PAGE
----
Want to launch the camera on the HTC U11? Just squeeze.
When the phone’s pressure-sensitive sides register your tightened grip, it’ll open the app you’ve programmed in.
Say you’ve squeezed the camera app open. You can squeeze again to take a picture. A long squeeze might open and close the flashlight, or toggle Wi-Fi or a voice recording. Or another app of your choice.
What’s going on is an entirely new way to interact with a phone. Called Edge Sense, this feature marks the first time any phonemaker has used touch like this. For HTC, a company that has itself felt the squeeze from larger rivals such as Samsung, Apple and LG, the U11’s grippy new feature presents an opportunity to step out of others’ shadows with an industry first.
Giving a phone pressure-sensitive sides is an incredibly interesting innovation, and one that raises a lot of questions: is this a natural way to open shortcuts, or is it better suited to some other task? Will it be accurate or will mispresses abound? Is it a useless gimmick, or the start of exciting things to come?
I don’t have an answer to that yet, but after my brief time with the phone, I did try out many of the launch options, and I like that an animation of squeezed-in sides lets you know the feature’s working. I found the motion easy to execute, but I did sometimes long-squeeze when I meant to short-squeeze.
I think muscle memory will take care of that down the road. I also think this method of app-launching would only be useful for the apps I open all the time (which takes that voice recorder out of the running).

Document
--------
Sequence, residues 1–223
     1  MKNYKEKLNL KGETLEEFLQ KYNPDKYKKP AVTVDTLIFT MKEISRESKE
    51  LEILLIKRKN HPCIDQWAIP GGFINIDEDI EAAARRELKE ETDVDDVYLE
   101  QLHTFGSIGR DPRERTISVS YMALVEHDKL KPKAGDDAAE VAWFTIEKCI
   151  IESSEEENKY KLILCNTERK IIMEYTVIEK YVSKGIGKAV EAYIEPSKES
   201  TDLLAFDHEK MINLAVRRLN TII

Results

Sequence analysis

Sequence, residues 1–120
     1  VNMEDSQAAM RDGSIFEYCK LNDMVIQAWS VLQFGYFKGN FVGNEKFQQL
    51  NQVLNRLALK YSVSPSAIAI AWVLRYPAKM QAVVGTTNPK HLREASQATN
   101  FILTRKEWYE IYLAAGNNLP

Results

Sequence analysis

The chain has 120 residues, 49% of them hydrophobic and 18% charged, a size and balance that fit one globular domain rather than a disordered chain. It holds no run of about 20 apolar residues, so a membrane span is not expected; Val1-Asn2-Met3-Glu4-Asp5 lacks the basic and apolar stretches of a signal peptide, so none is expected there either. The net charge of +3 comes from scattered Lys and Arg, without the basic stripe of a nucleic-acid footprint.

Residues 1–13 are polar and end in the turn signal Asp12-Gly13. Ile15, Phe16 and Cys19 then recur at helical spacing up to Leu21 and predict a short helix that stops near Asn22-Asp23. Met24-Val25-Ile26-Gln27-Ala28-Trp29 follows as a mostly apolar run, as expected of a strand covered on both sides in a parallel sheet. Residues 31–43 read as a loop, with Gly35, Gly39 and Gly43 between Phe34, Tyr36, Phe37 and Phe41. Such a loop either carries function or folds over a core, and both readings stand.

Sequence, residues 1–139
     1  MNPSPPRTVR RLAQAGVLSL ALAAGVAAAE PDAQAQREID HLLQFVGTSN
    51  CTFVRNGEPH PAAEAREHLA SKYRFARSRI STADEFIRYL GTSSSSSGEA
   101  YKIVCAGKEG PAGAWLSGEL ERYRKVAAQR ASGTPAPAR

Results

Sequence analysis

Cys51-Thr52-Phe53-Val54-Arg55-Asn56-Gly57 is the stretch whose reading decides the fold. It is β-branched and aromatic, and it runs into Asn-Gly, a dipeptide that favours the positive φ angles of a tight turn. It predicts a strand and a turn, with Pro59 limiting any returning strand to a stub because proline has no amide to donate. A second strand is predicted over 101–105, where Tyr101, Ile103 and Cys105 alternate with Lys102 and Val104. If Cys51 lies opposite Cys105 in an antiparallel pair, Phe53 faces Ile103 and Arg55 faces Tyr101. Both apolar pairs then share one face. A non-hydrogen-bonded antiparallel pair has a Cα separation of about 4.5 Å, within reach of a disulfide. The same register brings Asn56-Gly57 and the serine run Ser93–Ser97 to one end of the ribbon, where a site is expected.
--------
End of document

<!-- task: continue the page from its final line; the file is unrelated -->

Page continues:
The bigger question for HTC is if the U11’s fresh look and feel, and high end specs are enough to make a dent in Samsung and Apple’s overwhelming lead — squeeze feature or no. From what I’ve seen of the U11 so far, its premium hardware stands the best chance of any HTC phone in quite awhile.
The rest will come down to performance, and how well HTC can gets its phone in front of buyers.
Gorgeous glass design, advanced processor and everything else
The Big Squeeze sure is attention-grabbing, but it’s really one small feature in what’s shaping up to be a pretty good package.
You get a 5.5-inch display with a QHD, or 2,560×1,440-pixel resolution (same as the Samsung Galaxy S8 and LG G6), so there’s plenty of screen to interact with.
Then there’s the body itself. The U11 refines the gorgeous “melted” glass design of the U Ultra. It really does look like pools of liquid. It’s striking.
It’s also highly reflective and smudges up quickly. The phone meets a water-resistant rating of IP67, which helps keep water away for up to 30 minutes and 3 feet (1 meter).
I like that the 12-megapixel rear camera sits flush on the design; it’s good that the lens doesn’t poke out. If you follow camera specs, the U11 uses dual-pixel autofocus technology rather than laser autofocus (this should help it focus faster), and has an aperture of f1.7 (versus f1.8 on the HTC 10).
Your front-facing camera is a 16-megapixel wide-angle lens (150 degrees). Camera images seemed completely usable in my quick tests, but I didn’t have the time to really dig deep into setting or image quality.
Full specifications for the HTC U11
|Display size, resolution||5.5-inch; 2,560×1,440 pixels|
|Dimensions (inches)||6.1 x 3 x 0.31|
|Dimensions (millimeters)||154 x 76 x 7.9|
|Weight (ounces, grams)||6 oz.; 169g|
|Mobile software||Android 7.1.1 Nougat|
|Processor||Octa-core Qualcomm Snapdragon 835 (2.4GHz+1.9GHz)|
|Storage||64GB, 128GB (varies by region)|
|RAM||4GB, 6GB (varies by region)|
|Expandable storage||Up to 2TB|
|Fingerprint sensor||Home Button|
|Special features||IP67, dual SIM (some regions)|
Editor’s Note: Review done by Jessica Dolcourt, Author at CNET